If legends be true, tis a rare old lane in Lancashire that boasts neither a boggart or some other queer doings. Indeed, during the dawn of the 1800s, there were tales of a particular pathway troubled by an apparition that local folk referred to as Dobbie. Connecting Clarke Hall to Holker House, the lane was narrow with high hedges that overhung with claw like menace. Even on a summer’s day it breathed a melancholic air of tunnel like gloom.
Clarke House was the home of Mr. and Mrs. Stockdale and their quartet of servants. The housekeeper, Cook, Tom the page boy and scullery maid, Nola, the most recent arrival below stairs. Aged between 15 and 17 years, the girl had no knowledge of a birthday, her only history being a written reference from the orphanage from which she came. Nola was lowest in the pecking order of servants, something Cook was forever taunting her about. Consequently, the girl was meek in manner and tended to carry herself with head slightly bowed. While the other staff had their own rooms in the house’s attic, Nola was confined to an outhouse at the end of the back yard, facing the old lane and cut off from human company.
Not that Nola’s lot was all bad. Mrs. Stockdale had taken to schooling the girl in reading and writing for an hour every mid morning, which she practised during the evenings in the sanctuary of her room. The others did at least encourage her in this self betterment, except Cook who professed Nola to be as dim as a smouldering candle and that educating her was like teaching a dog to perform tricks. She never said these things in front of the mistress, of course, and confined any bullying or beating of the scullery maid to the kitchen when they were alone.
It was early one autumn evening that Mr. Stockdale sent Tom across to Holker House to deliver some newspapers, a task he performed once every week. The boy was usually back before dusk, but this time seemed to be taking longer than usual. Nola had just finished putting away the dried dishes and asked Cook if she could now be excused to practise her lesson.
“Suppose so,” the woman shrugged, being more concerned about what was keeping Tom now the night was drawing in. Nola took her leave and Cook busied herself preparing the breakfasts for next morning, while the housekeeper caught up on her sewing. Later, as the clock chimed eight bells, the two women were startled as the kitchen door burst open and Tom ran in like a man possessed by a thousand devils. Coming to a halt in the middle of the kitchen, he tried to speak and then promptly passed out, crumpling to the floor.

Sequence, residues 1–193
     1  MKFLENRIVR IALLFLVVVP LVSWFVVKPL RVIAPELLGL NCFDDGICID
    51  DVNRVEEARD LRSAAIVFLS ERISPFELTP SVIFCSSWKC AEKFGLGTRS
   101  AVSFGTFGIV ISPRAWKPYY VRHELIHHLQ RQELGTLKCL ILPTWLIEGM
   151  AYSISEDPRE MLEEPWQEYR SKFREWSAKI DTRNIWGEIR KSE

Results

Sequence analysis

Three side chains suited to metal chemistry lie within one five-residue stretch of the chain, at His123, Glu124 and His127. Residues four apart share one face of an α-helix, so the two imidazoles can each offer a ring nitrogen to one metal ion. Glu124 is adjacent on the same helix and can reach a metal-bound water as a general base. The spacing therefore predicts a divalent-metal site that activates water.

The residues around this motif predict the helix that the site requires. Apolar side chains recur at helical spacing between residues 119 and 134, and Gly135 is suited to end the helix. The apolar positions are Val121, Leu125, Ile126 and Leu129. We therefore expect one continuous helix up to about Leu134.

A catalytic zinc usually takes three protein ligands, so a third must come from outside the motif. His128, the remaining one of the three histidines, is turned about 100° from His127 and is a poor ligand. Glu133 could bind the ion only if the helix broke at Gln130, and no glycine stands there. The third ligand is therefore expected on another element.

The housekeeper and Cook were attending the unconscious boy when Nola came running in through the same door, exclaiming
“I saw him racing from lane like a fox hunted. Is he right?” The sight of the boy’s current state answered her question, as Cook ordered “Don’t just stand there! Go fetch the Mr. And Mrs!” As Nola made haste, the housekeeper then turned to Cook, suggesting “Hartshorne and burnt feathers be the best restorative for this lad.”
By the time Nola returned with Mr. and Mrs. Stockdale, the boy had been applied with the remedy and was stirring awake. Mr. Stockdale crouched down to take a closer look, when Tom suddenly shot upright, yelling “Dobbie!” The Master grabbed the boy’s shoulders, saying “Take it steady, lad.” Having been calmed, Tom was sat up on a chair to relate his story. “I usually set off home before dark, but master at Holker House insisted I stayed a while and shared libation with him. Couldn’t say no.”“Quite right, lad,” Stockdale interjected. “So what happened.”“Was nearly home, when I heard whispering behind me. Looked around and there was this great white ball, glowing and following. Then whisper became singing and in ball I could see sprite dancing round in circle fashion. She then came at me faster, laughing horribly. So I ran and daren’t look back. It were Dobbie, I know it.” His master looked doubtful. “Are you sure about all that?”“I swear it, sir!” The housekeeper then testified “Tom’s not one for spinning yarns. He‘s an honest lad.” Stockdale patted the boy’s arm, commenting “I dare say you saw something. But maybe not as it were meant to be seen. Dark nights and lanes with strange tales can do much to deceive the eyes and ears.”